U.S. regulators brace for jump in bank failures

WASHINGTON (Reuters) - The rate of U.S. bank failures is expected to increase more than four-fold this year as federal regulators get fresh resources to handle insolvent banks, and as the Obama administration takes a more aggressive approach toward some banks’ dismal prospects.

Bank analysts and industry insiders say a continued deterioration in credit conditions will be the driving force behind a big upswing in the number of failures, but policy decisions will also push the numbers up.

“I think people were surprised there weren’t more last year, and I think that has to do more with the capabilities of the (Federal Deposit Insurance Corp) than the quality of the banks,” said Richard Eckman, chairman of law firm Pepper Hamilton’s financial services practice group.

The FDIC seized 25 banks last year. In just the first seven weeks of 2009, 14 banks failed and the FDIC is on pace to close more than 100 in 2009.

The agency is on a hiring spree and wants to triple its line of credit with the Treasury Department, better equipping it to close weak banks and find buyers for their assets.

“The FDIC has clearly stated that we expect an increase in our resolution activity as we work through this economic cycle,” said FDIC spokesman Andrew Gray. “The prudent planning efforts by the FDIC over the last year and a half reflect this -- including additional hiring, contractor engagements and budget increases.”


The FDIC has also been freed from the shackles of a previous administration that may have delayed bank closures to increase confidence in the financial industry last year, said Ken Thomas, a bank consultant and economist based in Miami.

“There were many more banks that could have been closed,” Thomas said. “What we’ve seen is a total ramping up in failures, a total new policy.”

FDIC Chairwoman Sheila Bair testifies before the House Financial Services Committee about housing foreclosures on Capitol Hill, September 17, 2008. REUTERS/Larry Downing

The FDIC and a bank’s primary regulator have some latitude on when exactly to close an insolvent bank’s doors. Declaring a bank failure sooner rather than later often minimizes taxpayer costs.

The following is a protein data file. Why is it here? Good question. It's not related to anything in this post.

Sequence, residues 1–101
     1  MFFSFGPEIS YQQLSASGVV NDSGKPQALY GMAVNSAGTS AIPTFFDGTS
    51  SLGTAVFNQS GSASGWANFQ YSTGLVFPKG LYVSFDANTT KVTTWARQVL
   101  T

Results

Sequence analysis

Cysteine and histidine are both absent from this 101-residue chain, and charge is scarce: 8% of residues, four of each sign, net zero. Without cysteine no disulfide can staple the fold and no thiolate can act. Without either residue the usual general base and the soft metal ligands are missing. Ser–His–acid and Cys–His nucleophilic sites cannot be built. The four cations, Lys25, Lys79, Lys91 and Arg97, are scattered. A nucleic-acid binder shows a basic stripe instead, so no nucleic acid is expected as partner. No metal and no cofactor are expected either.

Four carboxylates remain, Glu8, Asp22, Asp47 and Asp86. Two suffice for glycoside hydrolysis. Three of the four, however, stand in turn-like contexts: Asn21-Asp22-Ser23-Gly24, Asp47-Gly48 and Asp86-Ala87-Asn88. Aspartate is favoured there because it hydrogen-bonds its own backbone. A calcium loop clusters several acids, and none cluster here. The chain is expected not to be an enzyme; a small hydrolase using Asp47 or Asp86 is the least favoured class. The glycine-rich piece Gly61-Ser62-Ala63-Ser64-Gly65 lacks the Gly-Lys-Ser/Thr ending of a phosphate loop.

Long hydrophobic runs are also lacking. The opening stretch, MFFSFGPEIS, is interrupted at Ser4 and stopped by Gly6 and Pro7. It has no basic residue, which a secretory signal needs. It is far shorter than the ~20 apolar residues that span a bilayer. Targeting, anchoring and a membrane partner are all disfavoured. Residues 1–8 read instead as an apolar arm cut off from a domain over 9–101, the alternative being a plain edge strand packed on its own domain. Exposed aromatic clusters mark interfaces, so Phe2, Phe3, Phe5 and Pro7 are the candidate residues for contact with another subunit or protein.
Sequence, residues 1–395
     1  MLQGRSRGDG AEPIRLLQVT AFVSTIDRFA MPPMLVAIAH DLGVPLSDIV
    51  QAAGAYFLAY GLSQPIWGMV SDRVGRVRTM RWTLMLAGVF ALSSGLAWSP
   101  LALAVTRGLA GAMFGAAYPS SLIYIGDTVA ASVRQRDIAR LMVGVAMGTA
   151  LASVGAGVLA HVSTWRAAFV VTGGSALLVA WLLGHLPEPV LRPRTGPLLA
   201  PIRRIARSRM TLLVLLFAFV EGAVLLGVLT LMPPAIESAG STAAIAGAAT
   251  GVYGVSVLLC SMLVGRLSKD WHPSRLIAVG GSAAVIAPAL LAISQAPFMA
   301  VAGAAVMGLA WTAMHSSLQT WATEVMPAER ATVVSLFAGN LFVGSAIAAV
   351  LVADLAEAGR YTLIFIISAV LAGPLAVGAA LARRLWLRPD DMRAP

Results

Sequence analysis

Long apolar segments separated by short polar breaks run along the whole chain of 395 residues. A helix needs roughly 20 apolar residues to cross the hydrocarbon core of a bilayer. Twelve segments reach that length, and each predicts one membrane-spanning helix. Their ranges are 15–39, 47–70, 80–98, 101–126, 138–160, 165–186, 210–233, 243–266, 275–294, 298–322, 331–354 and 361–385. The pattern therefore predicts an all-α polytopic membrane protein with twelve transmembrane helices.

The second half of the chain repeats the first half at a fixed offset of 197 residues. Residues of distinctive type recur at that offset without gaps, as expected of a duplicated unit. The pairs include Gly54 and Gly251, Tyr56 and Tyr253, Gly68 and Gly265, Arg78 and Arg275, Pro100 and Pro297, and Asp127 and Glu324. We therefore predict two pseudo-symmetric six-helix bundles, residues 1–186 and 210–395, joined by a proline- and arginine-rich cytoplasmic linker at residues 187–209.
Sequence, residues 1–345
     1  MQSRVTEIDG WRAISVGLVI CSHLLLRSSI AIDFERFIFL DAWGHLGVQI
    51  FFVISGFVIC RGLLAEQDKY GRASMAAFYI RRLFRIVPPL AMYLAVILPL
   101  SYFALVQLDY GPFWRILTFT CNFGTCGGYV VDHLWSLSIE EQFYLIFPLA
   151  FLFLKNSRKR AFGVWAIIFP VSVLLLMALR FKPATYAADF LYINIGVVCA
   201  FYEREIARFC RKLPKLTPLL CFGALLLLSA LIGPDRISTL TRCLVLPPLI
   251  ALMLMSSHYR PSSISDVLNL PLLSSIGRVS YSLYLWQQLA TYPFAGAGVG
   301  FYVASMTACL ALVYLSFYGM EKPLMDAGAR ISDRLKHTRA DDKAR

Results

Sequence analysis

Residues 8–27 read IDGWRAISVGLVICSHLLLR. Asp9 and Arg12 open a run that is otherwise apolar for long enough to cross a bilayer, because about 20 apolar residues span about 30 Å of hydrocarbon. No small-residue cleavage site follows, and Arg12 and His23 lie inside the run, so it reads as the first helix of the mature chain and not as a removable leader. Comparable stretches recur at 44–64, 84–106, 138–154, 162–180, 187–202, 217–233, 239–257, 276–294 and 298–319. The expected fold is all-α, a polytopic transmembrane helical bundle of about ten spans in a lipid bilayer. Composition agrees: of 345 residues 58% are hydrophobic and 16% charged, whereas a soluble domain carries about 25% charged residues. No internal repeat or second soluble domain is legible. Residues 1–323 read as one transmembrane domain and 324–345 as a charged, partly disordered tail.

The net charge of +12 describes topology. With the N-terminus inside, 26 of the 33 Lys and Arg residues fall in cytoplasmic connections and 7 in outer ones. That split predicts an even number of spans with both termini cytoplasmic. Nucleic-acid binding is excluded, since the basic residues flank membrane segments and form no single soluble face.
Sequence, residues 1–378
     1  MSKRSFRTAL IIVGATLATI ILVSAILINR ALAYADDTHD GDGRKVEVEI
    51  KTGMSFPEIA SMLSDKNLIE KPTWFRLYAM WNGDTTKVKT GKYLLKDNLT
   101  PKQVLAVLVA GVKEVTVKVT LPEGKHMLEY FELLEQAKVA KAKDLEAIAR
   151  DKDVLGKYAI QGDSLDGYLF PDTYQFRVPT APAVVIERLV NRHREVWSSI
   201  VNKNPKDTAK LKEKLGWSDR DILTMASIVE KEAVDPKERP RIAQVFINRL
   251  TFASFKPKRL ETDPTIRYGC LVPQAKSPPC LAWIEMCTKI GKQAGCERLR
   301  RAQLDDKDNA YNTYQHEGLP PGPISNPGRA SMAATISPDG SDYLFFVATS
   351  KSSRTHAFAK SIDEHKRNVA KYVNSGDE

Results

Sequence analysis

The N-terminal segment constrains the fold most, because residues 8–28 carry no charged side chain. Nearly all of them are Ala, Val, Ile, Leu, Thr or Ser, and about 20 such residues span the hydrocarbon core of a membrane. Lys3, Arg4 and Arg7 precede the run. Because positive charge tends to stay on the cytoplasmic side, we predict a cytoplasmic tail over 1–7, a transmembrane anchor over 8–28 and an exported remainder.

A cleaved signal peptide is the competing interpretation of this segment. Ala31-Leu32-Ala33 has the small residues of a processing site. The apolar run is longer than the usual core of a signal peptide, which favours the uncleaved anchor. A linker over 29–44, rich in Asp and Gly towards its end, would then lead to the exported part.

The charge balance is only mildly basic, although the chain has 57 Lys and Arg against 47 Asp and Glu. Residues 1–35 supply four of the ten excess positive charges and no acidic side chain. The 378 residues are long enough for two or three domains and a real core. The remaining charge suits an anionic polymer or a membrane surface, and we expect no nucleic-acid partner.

The small U.S. banks that failed in recent weeks could easily have been closed last June or September, said Thomas, who expects more than 100 bank failures in 2009.

Other predictions are more pessimistic. RBC Capital Markets said recently more than 1,000 U.S. banks -- or one in eight lenders -- may fail in the next three to five years.

FDIC’s Gray said a bank’s chartering authority generally makes the decision whether to close a financial institution, based on the condition of the bank and statutory requirements. U.S. banks can be chartered under a state banking regulator, or by the Office of Comptroller of the Currency, the Office of Thrift Supervision, or the Federal Reserve.

“The FDIC coordinates with bank regulators to project and plan for failures months ahead of time,” Gray said. “There are times when a failure occurs as expected and times when they occur either earlier or later due to unexpected events.”

The FDIC is clearly bracing for a flood of failures, and has revised upward the expected cost to its deposit insurance fund over the next three years.


On Thursday, the agency will release data on the state of the banking industry in the final quarter of 2008, including an update on the number of problem banks on its watchlist and how much money it is setting aside to handle future failures.

The number of problem banks -- banks that are under close scrutiny and often have weak capital cushions -- spiked in the third quarter to 171 from 117 at the end of the prior quarter. That marked the highest number since 1995 when federal regulators were wrapping up the savings and loan crisis.

Thomas said he expects the number of problem banks rose to about 200 at the end of the fourth quarter.

The FDIC will also release an updated figure on how much cash it has left in the Deposit Insurance Fund, an industry-funded reserve to back the deposits at FDIC-member banks, and how much it has provisioned for future failures.

The fund fell 23.5 percent in the third quarter to $34.6 billion. That amount included about $12 billion provisioned for failures it expected in the fourth quarter of 2008.

The FDIC said in December that it expected the fund to drop to about $29 billion at the end of the fourth quarter. The exact figure will be released on Thursday.

The FDIC is under pressure to protect the insurance fund as it grapples with a crisis that could easily exceed the savings and loan collapse when 1,386 lenders failed from 1988 to 1990, said Ronald Glancz, chairman of law firm Venable’s financial services group and a former FDIC official.

Glancz sees up to 200 bank failures in 2009 as conditions deteriorate and private capital stays on the sidelines. “This is a much more serious crisis than the S&L crisis because it affects the entire financial market,” he said.

The FDIC has been creative by extending liquidity programs and negotiating rescue deals or acquisitions for the largest banks on the brink of failure, Glancz said.

But the agency needs to also explore ideas like open bank assistance in which the FDIC could give incentives for private investors to jump into struggling banks. That would help prevent the damaging effects of bank failures, which can have a depressing ripple effect, similar to home foreclosures.

“A bank failure can really cause a crisis in the community,” Glancz said.

Reporting by Karey Wutkowski; Editing by Tim Dobbyn